Hayek started engaging with Schmitt’s arguments in the 1950s while working at the University of Chicago. He placed Schmitt’s distinction between two kinds of laws prominently in his treatment of the rule of law principle (which is a normative description of what good law looks like). An example of this engagement with Schmitt can be found in Hayek’s book The Constitution of Liberty. But it wasn’t until the 1970s that Hayek connected Schmitt’s account of interest group influence in Weimar Germany to the current political situation.
Hayek argued that Schmitt’s observations from Weimar Germany were not only accurate but indicative of a larger problem that concerned all Western-style democracies. He emphasized that modern parliaments are typically charged with making both kinds of laws identified by Schmitt. Because of this, Hayek referred to modern parliaments as “unlimited” democratic institutions. The connection between unlimited democracy and rent-seeking is then made in Hayek’s three-volume work Law, Legislation and Liberty.
As Hayek sees it, rent-seeking simply results from the fact that parliaments are able to adopt non-general laws. Because laws can benefit specific groups, there will be lobbying efforts directed toward the creation of such laws. Hayek further assumes that politicians will succumb to lobbying pressure because granting favorable treatment to other groups is the only way in which they can obtain support for the demands of their own constituents: “[Democratic government] will be forced to bring together and keep together a majority by satisfying the demands of a multitude of special interests, each of which will consent to the special benefits granted to other groups only at the price of their own special interests being equally considered.”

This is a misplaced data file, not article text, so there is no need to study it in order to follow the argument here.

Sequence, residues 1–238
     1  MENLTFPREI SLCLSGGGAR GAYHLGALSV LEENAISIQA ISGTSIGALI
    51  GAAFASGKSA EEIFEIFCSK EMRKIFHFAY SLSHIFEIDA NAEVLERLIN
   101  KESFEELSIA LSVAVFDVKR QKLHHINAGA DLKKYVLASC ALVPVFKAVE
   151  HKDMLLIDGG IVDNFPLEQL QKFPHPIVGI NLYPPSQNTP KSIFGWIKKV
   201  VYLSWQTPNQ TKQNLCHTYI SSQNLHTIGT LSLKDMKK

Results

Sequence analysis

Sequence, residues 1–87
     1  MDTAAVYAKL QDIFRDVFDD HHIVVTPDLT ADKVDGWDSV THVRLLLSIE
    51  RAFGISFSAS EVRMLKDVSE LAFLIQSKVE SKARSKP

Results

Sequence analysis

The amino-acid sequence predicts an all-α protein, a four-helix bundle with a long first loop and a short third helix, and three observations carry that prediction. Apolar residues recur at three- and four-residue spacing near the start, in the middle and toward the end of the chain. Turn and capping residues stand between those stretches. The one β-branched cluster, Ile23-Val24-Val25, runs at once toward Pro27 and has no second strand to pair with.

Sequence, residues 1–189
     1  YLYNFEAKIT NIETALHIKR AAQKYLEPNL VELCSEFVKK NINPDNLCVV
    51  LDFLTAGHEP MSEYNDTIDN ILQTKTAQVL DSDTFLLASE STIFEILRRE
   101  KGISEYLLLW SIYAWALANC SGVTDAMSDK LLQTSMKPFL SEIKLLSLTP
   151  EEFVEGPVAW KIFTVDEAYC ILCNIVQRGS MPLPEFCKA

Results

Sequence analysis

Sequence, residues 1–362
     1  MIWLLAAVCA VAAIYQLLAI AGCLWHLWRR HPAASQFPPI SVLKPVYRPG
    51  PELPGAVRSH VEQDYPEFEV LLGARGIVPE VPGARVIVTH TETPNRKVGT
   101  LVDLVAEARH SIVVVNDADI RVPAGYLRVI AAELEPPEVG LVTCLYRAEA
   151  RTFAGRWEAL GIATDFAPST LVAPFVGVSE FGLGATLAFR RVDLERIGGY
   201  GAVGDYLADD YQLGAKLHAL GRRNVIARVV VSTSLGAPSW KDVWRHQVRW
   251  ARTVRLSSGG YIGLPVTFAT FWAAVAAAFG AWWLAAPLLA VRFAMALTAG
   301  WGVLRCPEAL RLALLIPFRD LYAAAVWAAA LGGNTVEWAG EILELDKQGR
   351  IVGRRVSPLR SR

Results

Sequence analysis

Implicit in Hayek’s discussion is the notion that there could be alternative legal-institutional arrangements that would limit or prevent rent-seeking. Indeed, a substantial part of Law, Legislation and Liberty is devoted to describing such an alternative scheme. Abstractly speaking, Hayek wants to put into place constitutional provisions that limit the ability of politicians to grant privileges to economic groups. This motivates his proposal for institutional reform, the so-called “model constitution.” Here, one chamber of parliament would be charged with making only laws in the sense of general rules of conduct, while a second chamber would be responsible for making all other laws. However, rules laid down by the first chamber would restrict the discretion of decision-makers in the second chamber.
The entanglement of state and economy that Schmitt witnessed in Weimar Germany and his analysis of its causes were important in shaping Hayek’s view of the challenges of liberal democracy. Following Schmitt, Hayek understood rent-seeking behavior as resulting from the specific institutional environment in which laws are made. As evidenced by his model constitution, Hayek believed that democratic societies could counteract rent-seeking by devising constitutional limits to politicians’ discretionary power.